Head to Oliphant for a fully accessible hike on a wide boardwalk with bumper boards through a fen rich in wildflowers and other flora. In this low, marshy area, dozens of migratory and nesting bird species congregate and orchids, lady slippers, and even carnivorous plants thrive. This 1.4 km boardwalk winds through the fen and contains interpretive panels throughout, to help you make the most of your outing.
Park at the Oliphant Beach & Fishing Islands pier and hit the water. This is an excellent site for kiteboarding, kayaking and standup paddleboarding, as the water here typically ranges from 3-5 feet deep. Contact KiteRider.ca for lessons.
Remember, stay on the sandy beach area – this is still a sensitive natural area, where reptiles, amphibians, birds and all manner of plantlife rely on our environmental stewardship for their survival. Make sure you stay for an Oliphant sunset–they’re legendary.
3. Lion’s Head Beach
Although it’s on the Georgian Bay side of the peninsula, Lion’s Head offers a gorgeous sandy beach the entire family will love. Just minutes from grocery stores and restaurants, this beach also offers charcoal BBQs you’re free to use to prepare your picnic lunch. There are convenient washrooms and changerooms here, as well.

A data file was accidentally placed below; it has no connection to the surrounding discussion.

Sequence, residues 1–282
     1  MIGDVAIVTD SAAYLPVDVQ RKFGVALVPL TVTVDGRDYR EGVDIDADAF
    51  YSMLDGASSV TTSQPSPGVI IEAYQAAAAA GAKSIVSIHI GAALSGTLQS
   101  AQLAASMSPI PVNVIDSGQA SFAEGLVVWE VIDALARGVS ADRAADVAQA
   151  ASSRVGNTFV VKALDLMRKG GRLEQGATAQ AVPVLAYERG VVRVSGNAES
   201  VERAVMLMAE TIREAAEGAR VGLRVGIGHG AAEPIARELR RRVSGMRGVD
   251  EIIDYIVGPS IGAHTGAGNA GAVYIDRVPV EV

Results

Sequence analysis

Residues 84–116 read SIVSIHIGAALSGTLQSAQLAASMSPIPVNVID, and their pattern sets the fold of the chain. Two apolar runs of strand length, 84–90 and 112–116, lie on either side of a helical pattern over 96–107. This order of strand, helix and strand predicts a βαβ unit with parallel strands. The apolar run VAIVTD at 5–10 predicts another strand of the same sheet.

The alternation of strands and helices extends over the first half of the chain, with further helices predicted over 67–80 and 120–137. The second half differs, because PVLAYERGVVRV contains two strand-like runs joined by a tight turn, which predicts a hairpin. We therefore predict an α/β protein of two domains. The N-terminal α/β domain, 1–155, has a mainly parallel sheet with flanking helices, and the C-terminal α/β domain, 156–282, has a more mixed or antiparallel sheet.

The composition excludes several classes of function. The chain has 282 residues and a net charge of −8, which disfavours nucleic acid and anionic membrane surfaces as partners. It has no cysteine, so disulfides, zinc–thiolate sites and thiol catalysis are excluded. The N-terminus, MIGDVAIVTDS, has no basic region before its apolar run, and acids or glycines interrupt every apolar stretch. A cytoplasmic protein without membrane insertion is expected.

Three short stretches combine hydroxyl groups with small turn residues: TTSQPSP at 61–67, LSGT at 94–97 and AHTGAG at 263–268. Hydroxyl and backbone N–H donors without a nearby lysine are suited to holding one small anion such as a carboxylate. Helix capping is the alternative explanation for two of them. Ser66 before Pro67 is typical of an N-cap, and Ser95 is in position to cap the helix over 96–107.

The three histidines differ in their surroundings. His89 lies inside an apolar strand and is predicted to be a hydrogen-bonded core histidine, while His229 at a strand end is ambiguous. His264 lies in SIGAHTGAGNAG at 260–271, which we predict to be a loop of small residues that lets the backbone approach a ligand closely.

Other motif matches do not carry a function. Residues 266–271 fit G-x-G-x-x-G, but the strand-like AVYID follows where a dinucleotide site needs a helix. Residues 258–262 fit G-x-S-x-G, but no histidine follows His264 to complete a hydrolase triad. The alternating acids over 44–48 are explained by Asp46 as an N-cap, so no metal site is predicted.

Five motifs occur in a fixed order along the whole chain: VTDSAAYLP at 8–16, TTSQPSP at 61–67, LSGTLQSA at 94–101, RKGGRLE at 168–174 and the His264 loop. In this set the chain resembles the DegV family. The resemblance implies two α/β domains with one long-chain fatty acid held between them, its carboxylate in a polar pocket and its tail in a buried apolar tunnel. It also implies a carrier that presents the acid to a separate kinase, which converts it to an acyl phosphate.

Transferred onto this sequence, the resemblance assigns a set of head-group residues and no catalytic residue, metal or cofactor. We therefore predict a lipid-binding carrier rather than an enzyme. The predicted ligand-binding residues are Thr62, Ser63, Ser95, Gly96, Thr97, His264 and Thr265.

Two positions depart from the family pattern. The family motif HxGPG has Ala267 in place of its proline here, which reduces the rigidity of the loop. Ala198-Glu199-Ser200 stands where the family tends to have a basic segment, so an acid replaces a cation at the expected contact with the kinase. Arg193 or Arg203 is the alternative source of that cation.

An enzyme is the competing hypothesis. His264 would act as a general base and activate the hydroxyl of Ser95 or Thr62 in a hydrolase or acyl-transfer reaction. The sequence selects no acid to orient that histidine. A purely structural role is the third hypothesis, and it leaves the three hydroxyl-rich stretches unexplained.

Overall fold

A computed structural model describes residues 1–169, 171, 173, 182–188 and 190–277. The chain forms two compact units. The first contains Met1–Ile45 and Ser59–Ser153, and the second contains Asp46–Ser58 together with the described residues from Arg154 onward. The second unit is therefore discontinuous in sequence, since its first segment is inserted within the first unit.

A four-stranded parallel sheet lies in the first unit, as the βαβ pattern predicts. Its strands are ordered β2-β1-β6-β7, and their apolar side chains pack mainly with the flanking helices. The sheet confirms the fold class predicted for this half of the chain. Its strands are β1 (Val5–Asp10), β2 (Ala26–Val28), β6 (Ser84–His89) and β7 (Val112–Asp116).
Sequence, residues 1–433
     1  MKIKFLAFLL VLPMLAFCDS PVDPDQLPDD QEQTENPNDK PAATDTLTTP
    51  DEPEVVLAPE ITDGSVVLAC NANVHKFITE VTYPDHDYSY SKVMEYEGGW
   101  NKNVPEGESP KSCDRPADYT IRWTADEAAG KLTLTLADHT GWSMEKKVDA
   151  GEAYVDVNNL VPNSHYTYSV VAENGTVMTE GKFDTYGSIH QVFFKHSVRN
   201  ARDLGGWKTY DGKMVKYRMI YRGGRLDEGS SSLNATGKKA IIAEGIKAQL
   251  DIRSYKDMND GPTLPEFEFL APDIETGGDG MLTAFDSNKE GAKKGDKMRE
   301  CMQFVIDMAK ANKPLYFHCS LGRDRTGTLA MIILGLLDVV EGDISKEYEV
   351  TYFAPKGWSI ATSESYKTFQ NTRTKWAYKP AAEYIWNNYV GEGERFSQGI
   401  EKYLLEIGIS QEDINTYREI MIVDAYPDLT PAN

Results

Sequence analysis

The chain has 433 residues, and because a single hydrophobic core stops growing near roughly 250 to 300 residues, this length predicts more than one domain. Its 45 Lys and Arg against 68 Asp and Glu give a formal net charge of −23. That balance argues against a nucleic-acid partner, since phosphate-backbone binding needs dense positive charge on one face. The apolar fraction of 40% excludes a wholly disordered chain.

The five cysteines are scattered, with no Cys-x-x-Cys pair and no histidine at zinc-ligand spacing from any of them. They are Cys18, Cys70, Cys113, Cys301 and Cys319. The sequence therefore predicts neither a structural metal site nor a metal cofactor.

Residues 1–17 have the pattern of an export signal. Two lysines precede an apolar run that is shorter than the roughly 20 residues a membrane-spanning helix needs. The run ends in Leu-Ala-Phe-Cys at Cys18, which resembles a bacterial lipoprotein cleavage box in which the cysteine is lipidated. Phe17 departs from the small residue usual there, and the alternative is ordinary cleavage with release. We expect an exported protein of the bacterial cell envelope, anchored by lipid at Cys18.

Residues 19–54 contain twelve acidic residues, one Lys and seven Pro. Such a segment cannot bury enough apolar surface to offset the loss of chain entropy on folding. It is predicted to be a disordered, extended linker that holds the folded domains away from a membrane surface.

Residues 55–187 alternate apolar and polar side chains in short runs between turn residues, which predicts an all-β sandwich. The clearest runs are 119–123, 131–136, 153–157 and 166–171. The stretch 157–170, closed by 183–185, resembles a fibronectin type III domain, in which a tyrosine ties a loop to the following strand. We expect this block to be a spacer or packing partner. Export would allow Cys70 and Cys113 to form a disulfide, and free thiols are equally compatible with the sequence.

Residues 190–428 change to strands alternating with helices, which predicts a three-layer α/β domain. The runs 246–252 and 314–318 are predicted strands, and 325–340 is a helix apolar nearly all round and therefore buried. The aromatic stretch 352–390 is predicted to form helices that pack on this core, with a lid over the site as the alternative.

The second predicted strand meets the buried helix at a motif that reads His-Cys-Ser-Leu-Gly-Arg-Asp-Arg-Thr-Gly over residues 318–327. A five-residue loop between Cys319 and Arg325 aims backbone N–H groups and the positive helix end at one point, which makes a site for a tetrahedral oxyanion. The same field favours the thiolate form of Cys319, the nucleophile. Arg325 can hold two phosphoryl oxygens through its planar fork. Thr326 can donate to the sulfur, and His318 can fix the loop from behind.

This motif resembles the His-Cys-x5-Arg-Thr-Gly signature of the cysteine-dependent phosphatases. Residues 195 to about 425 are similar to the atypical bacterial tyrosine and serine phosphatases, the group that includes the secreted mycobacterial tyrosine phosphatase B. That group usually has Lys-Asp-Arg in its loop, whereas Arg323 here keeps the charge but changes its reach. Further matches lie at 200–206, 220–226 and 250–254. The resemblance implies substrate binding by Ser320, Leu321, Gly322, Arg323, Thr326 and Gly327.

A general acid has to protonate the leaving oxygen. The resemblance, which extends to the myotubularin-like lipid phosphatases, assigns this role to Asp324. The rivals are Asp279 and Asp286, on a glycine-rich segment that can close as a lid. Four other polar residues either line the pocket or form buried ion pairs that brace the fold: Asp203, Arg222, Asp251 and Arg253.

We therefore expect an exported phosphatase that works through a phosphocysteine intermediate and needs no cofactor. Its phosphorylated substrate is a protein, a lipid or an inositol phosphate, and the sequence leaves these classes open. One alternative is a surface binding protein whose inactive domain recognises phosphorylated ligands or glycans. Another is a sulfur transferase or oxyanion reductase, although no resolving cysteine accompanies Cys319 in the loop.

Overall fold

You’ll definitely want to head to the beach to cool down after tackling the Bruce Trail nearby. Enjoy incredible views of Isthmus Bay and the massive rock formation for which the town of Lion’s Head was named, as you hike the limestone cliffs high above the coast. This is a more challenging section of the Bruce Trail, where good footwear, water and snacks, and a Bruce Trail guidebook will serve you well.
Don’t miss live music on the beach Friday evenings in July and August, and the Farmers Market on Saturdays.
4. Black Creek Provincial Park
Perhaps one of the area’s best-kept secrets, Sandy Beach at Black Creek Provincial Park is a step back in time to the rugged, untouched Lake Huron shoreline of years gone by. This unserviced park offers no real amenities, but there are toilets, changerooms, picnic tables and parking for about 30 cars.
You’ll find locals sprawled out in the soft sand watching kiteboarders drift by, or wading into the refreshing, clear water, any day of the summer. Throughout the 707-acre natural environment park lies 9.4 kilometres of hiking trails, most walkable in a good pair of running shoes. On windless days, put in your canoe and take a paddle around Lyal Island, as well.